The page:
You may have noticed that I write a lot about wage and hour issues. I do so because it’s an issue that often gets even well-intentioned businesses into trouble. As if employers don’t already have it bad enough with the explosion of wage and hour class action litigation, this week brings us news that new Labor Secretary Hilda Solis promises to “reinvigorate the work” of the DOL’s Wage & Hour Division. Her quote comes in response to an investigation by the General Accounting Office, which reports that the Wage & Hour Division has mishandled hundreds of cases.
The report pointed to a cavalier attitude by many Wage and Hour Division investigators, saying they often dropped cases when employers did not return calls and sometimes told complaining workers that they should file lawsuits, an often expensive and arduous process, especially for low-wage workers.
In light of the DOL’s planned stepped-up enforcement, employers must be extra vigilant in uncovering wage and hour violation in their own workplaces. A wage and hour audit feels like an unpleasant medical exam. The investigator is not necessarily limited to the alleged violation, and will turn your workplace upside-down, pouring through years of records and privately interviewing your employees. And, once you are on their radar, it is hard to get off. In other words, they’ll be back to make sure you are staying on the path of all that is right and just.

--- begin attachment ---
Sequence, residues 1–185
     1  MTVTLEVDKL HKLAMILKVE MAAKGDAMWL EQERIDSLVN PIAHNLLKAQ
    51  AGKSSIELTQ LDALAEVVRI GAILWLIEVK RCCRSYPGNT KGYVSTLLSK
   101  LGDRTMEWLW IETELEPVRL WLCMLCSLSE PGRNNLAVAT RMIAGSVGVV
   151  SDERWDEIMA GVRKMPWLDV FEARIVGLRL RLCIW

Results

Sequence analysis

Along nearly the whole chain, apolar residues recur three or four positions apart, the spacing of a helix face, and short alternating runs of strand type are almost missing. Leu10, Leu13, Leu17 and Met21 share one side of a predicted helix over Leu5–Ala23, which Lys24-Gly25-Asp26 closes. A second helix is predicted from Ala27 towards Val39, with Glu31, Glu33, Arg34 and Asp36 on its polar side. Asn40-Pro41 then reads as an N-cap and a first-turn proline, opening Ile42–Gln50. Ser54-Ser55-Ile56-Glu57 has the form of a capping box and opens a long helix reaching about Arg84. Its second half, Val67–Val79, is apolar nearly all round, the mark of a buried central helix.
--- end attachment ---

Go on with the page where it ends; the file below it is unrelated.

For employers, the best advice I can give is to get out ahead of this issue. Take a hard look at all of your current wage and hour issues: employee classifications, meal and rest breaks, off-the-clock issues, and child any workers. Make sure you are 100% compliant with all state and federal wage and hour laws. If you are not sure, bring in an attorney to check for you. If you are ever investigated by the DOL or sued in a wage and hour case, it will be the best money your business has ever spent.
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